Date
17 November 2017
CityU is said to have submitted inaccurate information to Quacquarelli Symonds to boost its rankings. Photo: Internet
CityU is said to have submitted inaccurate information to Quacquarelli Symonds to boost its rankings. Photo: Internet

CityU said to have shrunk student numbers to boost QS rankings

City University of Hong Kong has been accused of providing misleading information to Quacquarelli Symonds (QS) to boost its university rankings.

Apple Daily said a review of the QS university rankings over the past three years showed that CityU has shrunk its student population by 14.7 percent from 2015 and 27.4 percent from 2016.

Around 30.4 percent of the students have gone “missing” if compared to the records with the University Grants Committee (UGC), which holds the statistics on student intake in all the eight government-funded universities.

QS is a British firm that compiles the annual rankings of universities worldwide, which serves as a guide on the quality of tertiary education in those institutions.

One of the most important criteria in the QS rankings is the ratio of teachers to students, which means the student population of a particular university is of utmost importance in the calculation.

The lower the ratio of students to the faculty, the better is the quality of teaching, it is assumed; the teachers supposedly could focus more on their students if they are dealing with a smaller class size. 

According to the QS standards, the number of students as provided by CityU should be no less than what appears in the records of UGC, which only count students who are subsidized by the government.

Senior officials from other local universities interviewed by the newspaper said some people in the tertiary education sector have had suspicions that data submitted by CityU as regards its student population may be inaccurate.

The university could possibly have counted students on a “snapshot” day, such as during summer when graduates are leaving and new students have yet to arrive.

If such is the case, then about 20-30 percent of the students are not included in the count of the number of students enrolled in the university in a given academic year.

Apple Daily said it has been told that at least two universities have complained about this to the QS.

In the academic year 2015-2016, the student population at CityU has been recorded at 20,000, including all undergraduates and postgraduates.

The CityU administration is understood to have discussed the accusations in a meeting on Oct. 19, during which the secretary to the university council and director of the university’s Institutional Research Office Kevin Downing explained that he submitted the figures to the QS after the university had processed them.

Professor Kuo Way, the university’s vice chancellor, reportedly did not explain during the meeting why the figures failed to match those in the UGC records.

But he is said to have assured other CityU officials that none of the data had been falsified.

Asked for comments, a spokesperson for the university told Apple Daily that the student-teacher ratio is not the only basis for calculating the quality of teaching at CityU.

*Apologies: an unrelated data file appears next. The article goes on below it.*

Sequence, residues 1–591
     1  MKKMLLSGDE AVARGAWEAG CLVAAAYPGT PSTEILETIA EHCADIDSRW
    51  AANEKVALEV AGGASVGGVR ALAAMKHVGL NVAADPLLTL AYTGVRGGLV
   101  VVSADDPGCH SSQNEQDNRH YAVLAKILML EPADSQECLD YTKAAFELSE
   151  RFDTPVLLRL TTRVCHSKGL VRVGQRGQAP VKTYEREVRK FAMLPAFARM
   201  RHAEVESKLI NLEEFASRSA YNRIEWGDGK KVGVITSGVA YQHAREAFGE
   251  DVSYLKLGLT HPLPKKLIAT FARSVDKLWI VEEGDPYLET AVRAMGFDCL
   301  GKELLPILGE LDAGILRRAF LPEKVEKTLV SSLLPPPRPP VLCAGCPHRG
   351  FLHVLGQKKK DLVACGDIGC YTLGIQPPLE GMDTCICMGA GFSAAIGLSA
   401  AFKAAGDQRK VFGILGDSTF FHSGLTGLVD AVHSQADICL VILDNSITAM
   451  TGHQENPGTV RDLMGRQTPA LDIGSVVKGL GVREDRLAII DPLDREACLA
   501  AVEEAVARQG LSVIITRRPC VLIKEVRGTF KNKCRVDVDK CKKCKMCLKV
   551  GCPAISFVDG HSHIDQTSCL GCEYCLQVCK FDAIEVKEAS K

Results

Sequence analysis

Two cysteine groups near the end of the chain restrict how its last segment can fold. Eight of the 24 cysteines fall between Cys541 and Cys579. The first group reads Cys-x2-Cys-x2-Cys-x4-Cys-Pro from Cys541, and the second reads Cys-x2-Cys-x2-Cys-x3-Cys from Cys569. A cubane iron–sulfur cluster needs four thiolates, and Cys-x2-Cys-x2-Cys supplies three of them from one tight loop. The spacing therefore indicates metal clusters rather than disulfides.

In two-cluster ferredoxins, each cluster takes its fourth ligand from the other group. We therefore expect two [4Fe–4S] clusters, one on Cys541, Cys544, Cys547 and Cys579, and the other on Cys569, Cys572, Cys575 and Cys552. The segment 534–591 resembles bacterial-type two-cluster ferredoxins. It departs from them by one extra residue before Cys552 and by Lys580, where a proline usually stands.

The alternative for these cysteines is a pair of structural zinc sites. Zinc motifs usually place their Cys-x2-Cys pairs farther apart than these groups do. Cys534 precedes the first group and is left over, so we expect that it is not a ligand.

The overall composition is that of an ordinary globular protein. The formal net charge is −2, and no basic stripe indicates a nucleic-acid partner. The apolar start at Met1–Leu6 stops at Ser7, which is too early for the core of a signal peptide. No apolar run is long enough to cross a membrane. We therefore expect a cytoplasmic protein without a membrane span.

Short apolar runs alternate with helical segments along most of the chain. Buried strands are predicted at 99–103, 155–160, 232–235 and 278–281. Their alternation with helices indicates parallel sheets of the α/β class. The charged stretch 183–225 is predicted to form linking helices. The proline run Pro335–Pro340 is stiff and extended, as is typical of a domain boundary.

The spokesperson also denied that the student count was made during summer, adding that the QS employs independent firms to verify the data submitted by universities.

Kuo Way has also asked an independent firm to review the CityU figures.

QS has yet to reply to Apple Daily queries as to whether it has received complaints about the data submitted by Hong Kong universities, but stressed that it has yet to find any incorrect or dishonest information from the data it has received.

A QS spokesperson stressed that they have zero tolerance for any cheating in the rankings, and if they have discovered any sort of dishonesty, they would cancel this year’s rankings.

CityU Student Union chairperson Chan Ngok-lam said he has also heard about the alleged data manipulation, but has not received an answer from the officials concerned.

He urged the university to come clean on the controversy.

Choy Ki from the Progressive Lawyers Group pointed out that if the number of students that CityU handed in to QS “reflects the truth”, meaning it has indeed taken a “snapshot” during the school year, then it did not provide any false information.

However, if there is an unfairness in the situation, it should be monitored by QS, and thus the organization should be put under scrutiny for accepting such information, he said, suggesting that the rankings may no longer be trustworthy.

CityU has been up in the world rankings from No. 57 in the 2015/16 academic year, to No. 55 in 2016/17, and to No. 49 in 2017/18.

Hong Kong University of Science and Technology was in 28th place in 2015/16, dropped to No. 36 in 2016/17 and surged to No. 30 in 2017/18.

The University of Hong Kong ranked 30th in 2015/16, climbed up to No. 27 in 2016/17, and No. 26 in 2017/18.

The Chinese University of Hong Kong Christian was No. 51 in 2015/16, surged to 44th place in 2016/17, and slipped to No. 46 in 2017/18.

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